The groom had just stepped into Westminster Abbey when Mother arrived.
William, tall, straight-shouldered; resplendent in the most handsome outfit a man can ever wear - full military uniform, with all the trimmings.
Mother, growing ever-smaller with each advancing year, clad not in the twinset and pearls occasion surely demanded, but her customary jeans and a bit of a shocker by way of accessories. Rollers under a headscarf.
She had a hectic social itinerary for the Royal Wedding, she explained airily. After me, she was off to a barbecue in Rotherham. Ah, well.
Prince William had Harry in tow, the first Royal best man in history. Mother had her version; my step-father.
We were doing what millions of families across the globe were at that moment on Friday, April 29; uniting to watch Diana’s boy wed and the beautiful Kate become a Princess.
Well, almost; there’s still a bit of Royal red tape to unwind first.
Mother is 80, her husband Roy almost 82. They have seen four monarchs on the throne. They watched Princess Elizabeth marry Philip, then her Coronation, and Prince Charles tie the knot with Lady Di.
But this Royal event was the special one. The one that was set to brim with emotion.
I’d wiped the first set of tears from my eyes at the sight of Diana’s boys being driven to Westminster Abbey, brothers in arms. They must have been thinking of their mother more than ever.
Then another mother set me off again. Carol Middleton, looking chic in slender lines of pearl grey, about to watch the storybook ending she must have read again and again to two sleepy little girls over 20 years ago come true for one of them. How scared, how elated, how bursting with pride she must have felt; how little of that she managed to show.
One of my mother’s classic observations pulled me up short, though. “Just look at those two,” she tutted at the Duke of York’s girls. She was right; as usual.
Beatrice and Eugenie had turned out like a couple of circus ponies What was that ridiculous assembly of circles on Beatrice’s head supposed to be - an homage to the London Olympics?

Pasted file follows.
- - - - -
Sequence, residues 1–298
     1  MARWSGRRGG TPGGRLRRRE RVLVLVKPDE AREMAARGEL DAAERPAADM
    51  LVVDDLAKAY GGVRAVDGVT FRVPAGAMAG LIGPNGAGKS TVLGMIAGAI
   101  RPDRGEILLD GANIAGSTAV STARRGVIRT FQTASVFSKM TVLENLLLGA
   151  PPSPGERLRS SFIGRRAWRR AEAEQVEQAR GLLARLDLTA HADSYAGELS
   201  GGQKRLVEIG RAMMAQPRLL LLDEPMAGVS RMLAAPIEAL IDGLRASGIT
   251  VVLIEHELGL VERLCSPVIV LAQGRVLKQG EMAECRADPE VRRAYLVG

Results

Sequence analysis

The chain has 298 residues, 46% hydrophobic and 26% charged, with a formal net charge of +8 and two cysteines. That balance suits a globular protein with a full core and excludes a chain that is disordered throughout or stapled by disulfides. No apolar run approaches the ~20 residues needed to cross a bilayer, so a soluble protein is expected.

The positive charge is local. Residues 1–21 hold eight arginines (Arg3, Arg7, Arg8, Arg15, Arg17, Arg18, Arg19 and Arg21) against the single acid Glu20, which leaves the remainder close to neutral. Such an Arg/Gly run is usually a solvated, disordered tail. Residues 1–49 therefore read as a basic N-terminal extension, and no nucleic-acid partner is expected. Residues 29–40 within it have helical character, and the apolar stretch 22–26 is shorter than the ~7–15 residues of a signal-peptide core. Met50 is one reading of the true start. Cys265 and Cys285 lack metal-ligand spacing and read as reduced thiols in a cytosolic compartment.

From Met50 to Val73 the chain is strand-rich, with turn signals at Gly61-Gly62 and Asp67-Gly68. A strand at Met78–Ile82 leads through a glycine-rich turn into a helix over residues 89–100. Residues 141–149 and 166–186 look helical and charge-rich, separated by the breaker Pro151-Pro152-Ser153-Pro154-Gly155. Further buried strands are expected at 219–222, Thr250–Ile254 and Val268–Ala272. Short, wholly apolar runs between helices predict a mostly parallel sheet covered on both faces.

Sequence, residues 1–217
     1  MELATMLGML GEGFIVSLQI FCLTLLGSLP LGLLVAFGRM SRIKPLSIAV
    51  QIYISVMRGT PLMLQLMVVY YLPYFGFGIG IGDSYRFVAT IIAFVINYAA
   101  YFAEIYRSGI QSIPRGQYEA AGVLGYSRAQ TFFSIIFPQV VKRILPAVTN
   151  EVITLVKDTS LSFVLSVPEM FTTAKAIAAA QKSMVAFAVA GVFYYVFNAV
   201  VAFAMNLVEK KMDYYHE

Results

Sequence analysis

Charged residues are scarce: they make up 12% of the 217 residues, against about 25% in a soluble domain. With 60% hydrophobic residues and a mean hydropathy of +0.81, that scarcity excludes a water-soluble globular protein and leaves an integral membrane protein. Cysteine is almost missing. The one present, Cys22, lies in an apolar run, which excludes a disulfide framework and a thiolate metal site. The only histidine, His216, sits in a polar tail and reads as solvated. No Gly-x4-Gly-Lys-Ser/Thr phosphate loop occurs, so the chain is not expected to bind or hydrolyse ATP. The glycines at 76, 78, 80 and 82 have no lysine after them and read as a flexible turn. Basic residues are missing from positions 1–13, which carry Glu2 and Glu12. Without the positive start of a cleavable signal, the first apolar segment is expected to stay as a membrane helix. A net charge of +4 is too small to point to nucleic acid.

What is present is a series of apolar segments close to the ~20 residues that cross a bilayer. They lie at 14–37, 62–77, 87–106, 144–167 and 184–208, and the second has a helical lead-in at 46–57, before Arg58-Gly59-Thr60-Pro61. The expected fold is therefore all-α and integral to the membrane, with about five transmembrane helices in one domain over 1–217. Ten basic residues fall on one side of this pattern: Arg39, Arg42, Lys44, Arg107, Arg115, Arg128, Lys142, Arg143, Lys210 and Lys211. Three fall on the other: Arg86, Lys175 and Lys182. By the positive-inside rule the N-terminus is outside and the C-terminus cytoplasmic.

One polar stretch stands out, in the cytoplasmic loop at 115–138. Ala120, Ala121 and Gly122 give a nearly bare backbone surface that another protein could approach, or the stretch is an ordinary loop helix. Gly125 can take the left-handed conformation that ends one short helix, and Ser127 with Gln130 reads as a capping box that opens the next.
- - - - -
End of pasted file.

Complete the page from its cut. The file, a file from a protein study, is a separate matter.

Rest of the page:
“But look at the Queen in yellow, perfectly co-ordinating with the Dean of Westminster. And what about Camilla,” I sighed, as Charles arrived with his Duchess. Clad in a champagne silk dress and duck egg blue coat, she looked a picture of elegance.
Begrudgingly (she still hasn’t forgiven Camilla) Mother had to agree that the woman we’d once derided as horsey-plain did scrub up well. I ventured the opinion that she might even have given Diana a run for her money. At that, Mother’s eyes went misty.
“Oh, Diana. Her ghost has been there right the way through all of this,” she sighed.
I couldn’t disagree.
While we’d been talking outfits and Di’s demise - as had every other woman in the country, I imagine - the men were entranced by the cars. Daimlers, Rolls Royces and those dinky little Mercedes minibuses, modern practicality.
They barely noticed that in the glass-topped car sat the bride and her dazed-looking dad Michael.
Before we’d got to our cream scones and Buck’s Fizz, the bride was walking through the avenue of trees lining the Abbey to a destiny she could never have dreamed of before she signed up for St Andrew’s University.
And how absolutely did this lovely, normal girl, surely the best tonic the Royal family could ever have been prescribed, get it right?
Her magnificent lace-sleeved gown, its deeply-pleated skirt highlighting her tiny waist, had been created by designer Sarah Burton from the House of Alexander McQueen. It was simply majestic.
“Lovely... but a miserable little bouquet she’s got. And that veil looks to be hanging a bit limp,” opined the woman who bore me.
“Well I think she looks very nice,” said my step-father.
“It’s his finest accolade.
“He said that to me when I got to the altar,” said Mother.
Well, I thought the commoner looked more classically, quintessentially Royal than most of the modern Royals put together. I loved the sweet, unaffected little posy of lily of the valley.
The magic moments we all agreed on? The way the ring took a bit of a push to get over Kate’s knuckle.
The eyebrows-raised looks of mock shock Kate and William shot at each other as the Dean told them: “You have both made your decision today...”
The rousing strains of Jerusalem; the infectious joy of the crowds who waited and waited to see the stars of an event that was both incomparably magnificent British spectacle and the charming, intimate sealing of an honest- to-goodness love affair.
The finale, the endearing little flourish which spoke volumes about William and Kate. The groom driving his bride in his old dad’s Aston Martin, balloons streaming, L-plate on the front, “Just Wed” on the number plate.
Just one very happy young couple, setting out on one heck of a journey. Together.